Though the 2018 Winter Olympic Games are giving both the North and South Korean people an opportunity to communicate on a neutral field, one wonders just how much they still understand of each other’s language.
70 Years of Separation
Up to about 70 years ago, the entire peninsula of Korea spoke the same language. The difference between north and south was merely a directional distinction. Though there hasn’t been enough time for the Korean languages to be split into two unintelligible versions of the original language, 70 years is enough time to cause “vastly different trajectories [that] impact the language they use, most notably in the case of English loanwords,” says Deborah Smith.
Changes Since The Split
As Khaleda Rahman explains, “Language can change when one half of the country becomes an international economic powerhouse and the other isolates itself.” This explains why South Korea incorporates more words of the English language into its daily conversation while North Korea sticks to traditional words and phrases. And with nine major dialects on the Korean peninsula, it is not uncommon to find different vocabularies throughout; “Even within South Korea itself, the Seoul dialect sounds very different from the Gyeongsang/Busan dialect” (Huaqing, 2016).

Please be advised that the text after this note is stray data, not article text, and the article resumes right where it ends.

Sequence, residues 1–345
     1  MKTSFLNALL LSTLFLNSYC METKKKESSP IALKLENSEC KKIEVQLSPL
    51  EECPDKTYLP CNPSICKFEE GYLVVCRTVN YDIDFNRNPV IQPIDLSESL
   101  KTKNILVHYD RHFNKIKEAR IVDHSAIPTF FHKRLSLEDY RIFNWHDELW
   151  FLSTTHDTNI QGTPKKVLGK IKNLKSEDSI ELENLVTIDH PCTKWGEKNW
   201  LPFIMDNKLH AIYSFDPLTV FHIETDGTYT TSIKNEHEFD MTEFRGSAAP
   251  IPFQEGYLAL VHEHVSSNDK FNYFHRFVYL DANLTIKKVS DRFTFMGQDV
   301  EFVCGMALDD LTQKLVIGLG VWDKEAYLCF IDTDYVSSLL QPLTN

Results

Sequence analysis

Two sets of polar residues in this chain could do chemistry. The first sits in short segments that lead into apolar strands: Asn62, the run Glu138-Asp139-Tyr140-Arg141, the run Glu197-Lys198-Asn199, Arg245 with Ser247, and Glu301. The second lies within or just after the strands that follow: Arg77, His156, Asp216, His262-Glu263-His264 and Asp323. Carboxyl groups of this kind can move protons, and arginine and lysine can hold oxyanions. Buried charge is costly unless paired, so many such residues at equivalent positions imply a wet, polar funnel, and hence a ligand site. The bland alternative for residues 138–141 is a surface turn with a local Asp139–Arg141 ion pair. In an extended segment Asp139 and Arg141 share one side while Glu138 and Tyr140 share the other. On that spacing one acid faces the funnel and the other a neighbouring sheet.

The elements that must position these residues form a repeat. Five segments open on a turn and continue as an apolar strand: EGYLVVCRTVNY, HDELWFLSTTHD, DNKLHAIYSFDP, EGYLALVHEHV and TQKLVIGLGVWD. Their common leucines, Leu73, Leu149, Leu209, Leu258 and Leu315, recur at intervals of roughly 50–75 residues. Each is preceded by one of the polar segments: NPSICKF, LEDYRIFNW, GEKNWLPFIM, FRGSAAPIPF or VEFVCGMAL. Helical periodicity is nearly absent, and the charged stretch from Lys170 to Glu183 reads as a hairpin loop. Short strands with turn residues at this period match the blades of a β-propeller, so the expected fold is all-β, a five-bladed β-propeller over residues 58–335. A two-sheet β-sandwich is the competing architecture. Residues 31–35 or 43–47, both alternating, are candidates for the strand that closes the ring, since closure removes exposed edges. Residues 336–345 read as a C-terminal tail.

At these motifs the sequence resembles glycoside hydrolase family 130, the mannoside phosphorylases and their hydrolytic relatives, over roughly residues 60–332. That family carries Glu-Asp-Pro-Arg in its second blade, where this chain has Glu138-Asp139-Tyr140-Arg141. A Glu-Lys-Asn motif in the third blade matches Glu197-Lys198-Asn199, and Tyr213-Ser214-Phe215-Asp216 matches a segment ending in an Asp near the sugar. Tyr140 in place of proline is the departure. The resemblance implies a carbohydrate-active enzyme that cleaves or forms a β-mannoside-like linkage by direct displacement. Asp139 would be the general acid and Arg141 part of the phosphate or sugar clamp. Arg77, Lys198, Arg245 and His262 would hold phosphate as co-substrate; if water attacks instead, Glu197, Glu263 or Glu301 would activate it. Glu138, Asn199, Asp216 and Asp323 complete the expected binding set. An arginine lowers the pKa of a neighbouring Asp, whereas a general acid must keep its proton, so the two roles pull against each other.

Many of those from North Korea who defect to the South are confused by words that have no meaningful translation in their traditional language. At a South Korean restaurant, one woman from North Korea was told by her waitress that water was “self service,” but since she had never heard the phrase before, she “went without water during her meal because she was too shy to admit that she did not understand.”
Common Words Are Not So Common Anymore
According to the Associated Press, some of the common differences that can cause confusion between the two Koreas are:
- In South Korea, shampoo is used to wash hair. In North Korea, they use “meorimulbinu” which means “hair water soap.”
- Lotion is used in South Korea, but in North Korea, they use “salgyeolmul” which is “skin water.”
- Due to spelling and pronunciation differences for the first syllable of some Korean words, the common family name of “Lee” in the South is “Ri” in the North.
- South Koreans might enjoy watching a musical, but North Koreans watch a “gamuiyagi” which is a “music and dance story.”
- Children in South Korea take a lunch box to school, while those in North Korea take a “gwakbab.”
- And finally, much like we do in the U.S., people in South Korea end their meetings with “let’s do lunch sometime.” This confuses those from North Korea who expect to receive a follow up phone call to set up such a meeting.
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